I pay my way in society through my taxes and make a contribution to society through my work.  I am paying for my pension.  I am not a parasite!

4 comments :

  1. Hear, hear. I'm a public service pensioner, albeit from the Armed Forces. The government says that it's a non-contributory scheme. However, what they don't say is that they deduct a notional amount from salary scales prior to publication to pay for the individuals pension. So, in effect, it is similar to other public service schemes, where pension deductions are made after pay is given.

    My spouse is a civil servant, low paid, under £18000, and has worked for 36 years to pay into her scheme. As she is nearing retirement, she will not be effected by the proposed Career Average scheme, proposed by the government, but has been effected by CPI rather than RPI since last year, and is about to have her annual contributions raised by 1/3rd this coming year and doubled the following year.

    Her pension will be after tax, is below the living wage and she will probably be obliged to stay on at work to try to get a bigger pension pot.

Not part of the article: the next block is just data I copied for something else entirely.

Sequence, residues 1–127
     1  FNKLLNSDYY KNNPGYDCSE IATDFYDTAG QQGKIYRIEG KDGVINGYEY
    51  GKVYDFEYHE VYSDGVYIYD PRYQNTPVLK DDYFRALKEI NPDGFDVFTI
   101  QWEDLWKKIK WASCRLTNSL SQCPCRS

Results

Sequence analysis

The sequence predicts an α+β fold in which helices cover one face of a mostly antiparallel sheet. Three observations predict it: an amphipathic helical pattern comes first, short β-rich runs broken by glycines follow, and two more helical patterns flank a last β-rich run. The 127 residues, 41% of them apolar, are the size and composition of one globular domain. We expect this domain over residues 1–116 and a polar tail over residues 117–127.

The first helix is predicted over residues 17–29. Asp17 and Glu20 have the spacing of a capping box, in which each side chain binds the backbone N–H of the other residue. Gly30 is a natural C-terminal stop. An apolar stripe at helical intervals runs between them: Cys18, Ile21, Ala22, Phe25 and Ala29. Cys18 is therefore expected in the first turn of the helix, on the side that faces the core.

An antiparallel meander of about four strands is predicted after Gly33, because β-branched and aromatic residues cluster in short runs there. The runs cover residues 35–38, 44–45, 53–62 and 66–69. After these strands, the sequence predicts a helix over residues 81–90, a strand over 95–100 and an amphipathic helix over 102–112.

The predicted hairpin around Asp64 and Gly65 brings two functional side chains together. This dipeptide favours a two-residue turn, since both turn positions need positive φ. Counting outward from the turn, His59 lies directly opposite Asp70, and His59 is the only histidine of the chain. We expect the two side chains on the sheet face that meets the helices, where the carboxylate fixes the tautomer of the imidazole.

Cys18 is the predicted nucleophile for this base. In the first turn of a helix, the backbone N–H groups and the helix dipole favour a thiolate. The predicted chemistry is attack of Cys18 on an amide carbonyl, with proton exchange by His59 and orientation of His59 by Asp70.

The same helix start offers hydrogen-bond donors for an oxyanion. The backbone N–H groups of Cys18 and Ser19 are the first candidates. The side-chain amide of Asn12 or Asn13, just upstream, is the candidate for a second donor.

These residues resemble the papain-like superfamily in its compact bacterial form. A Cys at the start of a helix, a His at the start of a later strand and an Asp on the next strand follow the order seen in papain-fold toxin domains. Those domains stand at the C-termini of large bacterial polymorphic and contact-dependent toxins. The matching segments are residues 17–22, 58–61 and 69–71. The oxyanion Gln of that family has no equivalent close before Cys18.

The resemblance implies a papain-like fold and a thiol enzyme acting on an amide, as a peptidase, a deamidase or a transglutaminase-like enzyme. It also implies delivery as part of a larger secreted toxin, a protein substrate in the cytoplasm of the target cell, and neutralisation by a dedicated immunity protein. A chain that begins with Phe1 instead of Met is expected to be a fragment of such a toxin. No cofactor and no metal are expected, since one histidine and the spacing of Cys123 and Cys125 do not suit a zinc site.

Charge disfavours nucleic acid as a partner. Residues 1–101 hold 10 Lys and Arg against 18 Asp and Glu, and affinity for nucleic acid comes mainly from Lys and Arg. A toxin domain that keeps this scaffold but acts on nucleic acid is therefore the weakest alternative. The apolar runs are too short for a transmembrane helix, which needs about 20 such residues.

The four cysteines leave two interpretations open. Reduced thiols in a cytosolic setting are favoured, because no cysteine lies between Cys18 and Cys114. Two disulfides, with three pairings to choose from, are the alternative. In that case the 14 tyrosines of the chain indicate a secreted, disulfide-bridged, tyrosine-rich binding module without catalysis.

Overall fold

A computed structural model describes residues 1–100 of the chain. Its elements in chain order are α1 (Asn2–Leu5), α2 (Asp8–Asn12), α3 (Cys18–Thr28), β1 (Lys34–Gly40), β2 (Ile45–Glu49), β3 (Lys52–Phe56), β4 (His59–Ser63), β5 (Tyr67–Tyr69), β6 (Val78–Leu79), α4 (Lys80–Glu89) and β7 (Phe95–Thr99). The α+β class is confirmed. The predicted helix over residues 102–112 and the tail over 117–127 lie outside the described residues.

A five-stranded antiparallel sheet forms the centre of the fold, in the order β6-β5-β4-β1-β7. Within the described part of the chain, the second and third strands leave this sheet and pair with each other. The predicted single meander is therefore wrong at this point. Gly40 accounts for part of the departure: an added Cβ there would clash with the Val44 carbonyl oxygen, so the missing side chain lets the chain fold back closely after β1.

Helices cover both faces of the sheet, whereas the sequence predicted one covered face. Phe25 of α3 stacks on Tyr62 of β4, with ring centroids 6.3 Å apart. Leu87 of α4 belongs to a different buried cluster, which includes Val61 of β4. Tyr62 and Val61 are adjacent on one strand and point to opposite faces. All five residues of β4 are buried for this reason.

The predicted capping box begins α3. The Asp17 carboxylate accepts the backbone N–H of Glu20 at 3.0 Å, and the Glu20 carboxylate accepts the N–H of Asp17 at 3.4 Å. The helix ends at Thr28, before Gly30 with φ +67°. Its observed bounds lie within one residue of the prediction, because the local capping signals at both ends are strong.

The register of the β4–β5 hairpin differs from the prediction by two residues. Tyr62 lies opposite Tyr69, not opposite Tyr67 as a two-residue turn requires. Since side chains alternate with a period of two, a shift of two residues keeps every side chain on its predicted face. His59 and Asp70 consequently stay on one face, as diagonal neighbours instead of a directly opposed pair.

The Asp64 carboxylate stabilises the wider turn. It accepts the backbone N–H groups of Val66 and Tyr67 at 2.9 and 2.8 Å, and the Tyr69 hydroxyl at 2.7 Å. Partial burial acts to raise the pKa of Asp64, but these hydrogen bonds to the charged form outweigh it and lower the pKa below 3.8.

As you say, public service pensioners pay their taxes (they have little choice given their employer) and contribute to paying for their pension, in the same way as other taxpayers.

    I get tired of all of the tabloids such as the mail,the express describing the pensions as gold plated. After working from the age or 17 to age 60 in the Armed Forces, I was discarded as I had reached the upper age limit. No appeal, no recourse to unfair dismissal - they are exempted from that piece of legislation. I would have enjoyed working on for another 5 years, but wasn't given the option.

    My pension is adequate, but not great, and certainly not gold plated. I suffered a 2/3 drop income on retirement, the only compensation being a lump sum, which allowed me to bring the cost of our mortgage down. Due to my pension I am not eligible for benefits and there is no point in signing on for employment as at age 60, they regard you as unemployable.

    I volunteer, do stuff with my church and have a fulfilling life, but if I was a union person, I have supported their campaigns against the cuts, and as my spouse is in a union, she might very well soon, find herself out on strike. She has never been on strike before, but feels so strongly about this, that she probably will this time.